President Obama said that the military action of the U.S. and her allies in Libya “prevented a massacre.” It’s impossible to prove.  Other prevention efforts haven’t been effective. Preventing Saddam Hussein from having Weapons of Mass Destruction allowed the U.S. for the first time in her history to attack another nation preemptively. Eight years later there have been thousands of deaths and more than $1 trillion spent on the prevention efforts that yielded not one WMD.


Ben Franklin famously said “An ounce of prevention is worth a pound of cure.” Those who support the Doctrine of Interventionism (be it Obama’s, Bush’s, Clinton's, Kennedy's...) would believe that this quote supports their philosophy of preventative action.  Instead the ounce of prevention is preventing war itself – and the best way to do that is to return to America’s roots and tradition of non-interventionism.

Thursday, March 24, 2011

If this had been a real emergency…

At the start of every movie, concert, theatre performance (“ticketed performance”) in California audiences are directed to “look around for the nearest emergency exit.”  This admonition/warning was the result of a law signed by Gov. Schwarzenegger effective January 2007.    Airline passengers are accustomed to extensive safety announcements thanks to federal law and the FAA.  I’ve taken enough cruises so I actually know how to put on the lifejacket for the mandatory safety drills.  Products carry warning labels as a matter of course. 
Living in “Earthquake Country” there is a certain amount of preparedness that is commonplace in my life.  There’s extra bottled water on hand, first aid kits, a few hundred dollars in small bills for when the ATM’s go out, etc.  I don’t have a bunker and food storage is, well, more likely to be consumed than saved.  There are communications plans for friends and family and I have a couple of power back-up units that would last less than an afternoon.

Back in the 1990’s I ran a technology company whose primary customers were radio stations around the country  – and the service that was provided to the stations required stability.   When we moved into a new location in Santa Monica I oversaw the install of a custom back-up battery power system that would run the servers, computers and office for an entire week.  The installation of all those batteries required structural reinforcement to the building and a monumentally large check by the parent company.  Happily, it was never needed.

The devastation that the 8.9 earthquake, the tsunami and the nuclear crisis have wrought on Japan is sad, tragic and simply awful.  The Japanese people serve as a model of preparedness.  Schools and businesses have weekly earthquake drills.  Building codes are rigorous.  Even still, Mother Nature’s powerful one-two-three punch proved to be too much and part of the country is devastated.  The survivors are reestablishing their lives in a different world and modifying behavior as a result.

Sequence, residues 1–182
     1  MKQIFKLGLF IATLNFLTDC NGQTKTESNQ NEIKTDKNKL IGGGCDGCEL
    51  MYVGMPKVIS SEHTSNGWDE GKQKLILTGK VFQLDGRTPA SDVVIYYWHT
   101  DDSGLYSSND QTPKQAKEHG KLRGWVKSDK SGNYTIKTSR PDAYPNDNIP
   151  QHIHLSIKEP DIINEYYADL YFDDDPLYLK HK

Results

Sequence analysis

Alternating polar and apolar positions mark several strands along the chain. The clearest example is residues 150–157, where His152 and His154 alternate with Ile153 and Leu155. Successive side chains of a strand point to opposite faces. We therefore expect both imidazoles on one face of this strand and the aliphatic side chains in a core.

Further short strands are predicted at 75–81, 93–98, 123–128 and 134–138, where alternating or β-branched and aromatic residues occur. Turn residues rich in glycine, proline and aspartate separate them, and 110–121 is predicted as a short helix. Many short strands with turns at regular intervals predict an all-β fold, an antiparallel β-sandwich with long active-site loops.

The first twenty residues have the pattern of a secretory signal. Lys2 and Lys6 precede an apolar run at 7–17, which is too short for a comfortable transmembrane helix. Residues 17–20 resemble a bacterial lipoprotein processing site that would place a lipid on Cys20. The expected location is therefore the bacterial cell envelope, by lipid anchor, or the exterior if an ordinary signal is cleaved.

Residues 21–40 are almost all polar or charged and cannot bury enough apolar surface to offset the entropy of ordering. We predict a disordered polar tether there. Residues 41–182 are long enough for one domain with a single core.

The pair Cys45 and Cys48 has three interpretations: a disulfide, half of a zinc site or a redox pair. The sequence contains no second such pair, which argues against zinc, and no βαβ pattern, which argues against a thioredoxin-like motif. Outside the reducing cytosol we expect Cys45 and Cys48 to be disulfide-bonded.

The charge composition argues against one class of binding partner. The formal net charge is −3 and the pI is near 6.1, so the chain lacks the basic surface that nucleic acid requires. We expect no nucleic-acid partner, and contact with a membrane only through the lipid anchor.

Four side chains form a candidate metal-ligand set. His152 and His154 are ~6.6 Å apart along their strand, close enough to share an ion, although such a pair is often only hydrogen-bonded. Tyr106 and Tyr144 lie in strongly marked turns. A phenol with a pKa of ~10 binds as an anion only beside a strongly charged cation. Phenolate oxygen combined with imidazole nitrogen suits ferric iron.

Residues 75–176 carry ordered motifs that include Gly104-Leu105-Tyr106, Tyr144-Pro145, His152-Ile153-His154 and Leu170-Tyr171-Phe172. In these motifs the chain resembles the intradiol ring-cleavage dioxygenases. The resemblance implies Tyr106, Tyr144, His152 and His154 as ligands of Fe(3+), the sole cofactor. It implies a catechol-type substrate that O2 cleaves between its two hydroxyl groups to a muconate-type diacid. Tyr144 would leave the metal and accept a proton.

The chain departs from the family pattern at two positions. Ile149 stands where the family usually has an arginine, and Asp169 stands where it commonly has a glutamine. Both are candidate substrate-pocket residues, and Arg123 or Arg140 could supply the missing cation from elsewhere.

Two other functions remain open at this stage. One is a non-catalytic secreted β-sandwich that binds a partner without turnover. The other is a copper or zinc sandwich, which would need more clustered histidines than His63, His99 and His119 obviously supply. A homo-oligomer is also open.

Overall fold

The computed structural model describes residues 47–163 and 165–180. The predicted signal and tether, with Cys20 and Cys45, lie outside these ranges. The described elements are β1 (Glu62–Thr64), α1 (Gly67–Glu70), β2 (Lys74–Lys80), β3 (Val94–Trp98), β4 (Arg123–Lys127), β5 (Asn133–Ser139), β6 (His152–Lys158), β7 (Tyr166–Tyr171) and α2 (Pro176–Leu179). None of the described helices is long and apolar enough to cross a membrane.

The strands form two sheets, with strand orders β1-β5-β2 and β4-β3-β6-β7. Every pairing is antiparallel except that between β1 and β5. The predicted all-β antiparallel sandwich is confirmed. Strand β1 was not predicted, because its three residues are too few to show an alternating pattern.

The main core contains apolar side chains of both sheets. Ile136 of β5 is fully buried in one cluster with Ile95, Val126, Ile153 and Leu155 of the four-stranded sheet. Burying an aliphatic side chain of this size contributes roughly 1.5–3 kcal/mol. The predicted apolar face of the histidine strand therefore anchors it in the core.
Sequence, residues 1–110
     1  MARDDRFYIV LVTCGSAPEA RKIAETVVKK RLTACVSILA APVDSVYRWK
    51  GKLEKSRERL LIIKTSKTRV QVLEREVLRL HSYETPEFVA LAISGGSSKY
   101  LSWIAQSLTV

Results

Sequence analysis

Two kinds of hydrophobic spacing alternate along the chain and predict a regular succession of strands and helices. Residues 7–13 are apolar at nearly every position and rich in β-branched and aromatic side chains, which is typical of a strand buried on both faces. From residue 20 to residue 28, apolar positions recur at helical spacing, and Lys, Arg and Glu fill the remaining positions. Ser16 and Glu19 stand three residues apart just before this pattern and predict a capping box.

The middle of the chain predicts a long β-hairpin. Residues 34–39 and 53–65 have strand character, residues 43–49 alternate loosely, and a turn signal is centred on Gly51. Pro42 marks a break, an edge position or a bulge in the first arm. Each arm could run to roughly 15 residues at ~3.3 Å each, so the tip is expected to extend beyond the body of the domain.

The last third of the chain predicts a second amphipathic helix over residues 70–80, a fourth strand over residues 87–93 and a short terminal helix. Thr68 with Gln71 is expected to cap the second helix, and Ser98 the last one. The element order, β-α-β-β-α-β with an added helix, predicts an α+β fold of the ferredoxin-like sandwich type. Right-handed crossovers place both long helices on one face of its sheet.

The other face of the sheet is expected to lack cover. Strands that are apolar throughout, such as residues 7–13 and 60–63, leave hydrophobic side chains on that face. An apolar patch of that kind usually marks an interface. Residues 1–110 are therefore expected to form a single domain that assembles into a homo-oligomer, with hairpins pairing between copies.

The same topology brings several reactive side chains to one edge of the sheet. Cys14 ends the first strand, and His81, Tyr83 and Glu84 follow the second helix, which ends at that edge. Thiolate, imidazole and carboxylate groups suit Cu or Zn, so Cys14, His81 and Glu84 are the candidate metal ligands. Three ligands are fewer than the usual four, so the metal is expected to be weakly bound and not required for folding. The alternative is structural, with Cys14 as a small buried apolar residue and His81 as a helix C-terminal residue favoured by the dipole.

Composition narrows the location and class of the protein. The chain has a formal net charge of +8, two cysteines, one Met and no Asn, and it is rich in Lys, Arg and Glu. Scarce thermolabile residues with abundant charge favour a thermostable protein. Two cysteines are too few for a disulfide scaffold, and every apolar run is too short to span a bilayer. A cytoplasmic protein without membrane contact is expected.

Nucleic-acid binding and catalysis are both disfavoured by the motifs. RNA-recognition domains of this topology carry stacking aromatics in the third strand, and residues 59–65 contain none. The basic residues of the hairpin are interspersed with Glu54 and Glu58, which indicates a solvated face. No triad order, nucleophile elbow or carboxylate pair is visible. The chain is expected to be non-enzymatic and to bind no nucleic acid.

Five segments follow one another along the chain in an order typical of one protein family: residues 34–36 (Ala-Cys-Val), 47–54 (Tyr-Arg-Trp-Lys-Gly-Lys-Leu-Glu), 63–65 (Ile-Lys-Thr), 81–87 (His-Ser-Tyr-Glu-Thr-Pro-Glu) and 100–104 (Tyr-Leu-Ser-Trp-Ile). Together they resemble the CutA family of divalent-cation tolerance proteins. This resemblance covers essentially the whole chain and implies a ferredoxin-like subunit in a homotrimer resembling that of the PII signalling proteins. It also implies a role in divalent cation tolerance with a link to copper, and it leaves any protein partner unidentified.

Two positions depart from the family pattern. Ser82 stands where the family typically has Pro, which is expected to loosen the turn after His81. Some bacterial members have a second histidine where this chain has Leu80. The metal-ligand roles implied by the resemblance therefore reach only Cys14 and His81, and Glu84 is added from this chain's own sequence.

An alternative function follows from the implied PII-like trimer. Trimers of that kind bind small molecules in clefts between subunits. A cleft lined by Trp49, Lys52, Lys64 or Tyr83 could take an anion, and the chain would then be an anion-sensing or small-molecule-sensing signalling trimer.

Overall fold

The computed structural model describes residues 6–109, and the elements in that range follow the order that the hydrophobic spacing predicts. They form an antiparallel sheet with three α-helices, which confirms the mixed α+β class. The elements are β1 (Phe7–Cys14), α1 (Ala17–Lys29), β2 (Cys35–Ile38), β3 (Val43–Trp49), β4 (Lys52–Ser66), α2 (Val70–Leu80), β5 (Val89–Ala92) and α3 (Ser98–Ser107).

Americans do not appear to be as self-reliant.  It seems that whenever there is a disruption of routine an emergency is declared.  In 2010 President Obama declared 81 disasters – the most ever.  Should he serve two full terms he will declare 560 emergencies.  George W. Bush declared 516 during his eight years, Bill Clinton 379.  Clearly the United States is a magnet for disasters and it gets worse each year.  But does it?
An emergency declaration allows for logistics support, funding and an assortment of other federal programs to kick in.  An area under an emergency declaration is able to suspend rules and laws in order to manage the disaster.  This structure exists for good reason – during a major cataclysmic event first responders must be able to stabilize the situation as quickly as possible without some of the luxuries that democracy usually demands.  During a less serious event the powers are excessive so determining what is and what isn't an emergency is important.
The definition of an emergency has evolved...or devolved.  This past winter, one of the worst in many years, declarations were happening before the snow started  It seems every storm can be categorized as an emergency – and, much like the in-flight and in-theatre announcements it becomes white noise.  Most people don't think too much about it and are not only glad for the extra help, they expect it.
Responding poorly to an emergency can be political suicide.  President Bush (41) was roundly criticized for FEMA’s response to Hurricane Andrew.  Thirteen years later his son (43) received even more criticism over the federal response to Hurricane Katrina while President Clinton got strong praise for how his team dealt with the 6.7 Northridge Earthquake.  Each of these were important, major events.
The costs of these emergences add up.  Each state has its own emergency budget and FEMA costs about $10.1 billion per year just for operations.   Each declaration receives additional funding which is outside of the regular budgeting process.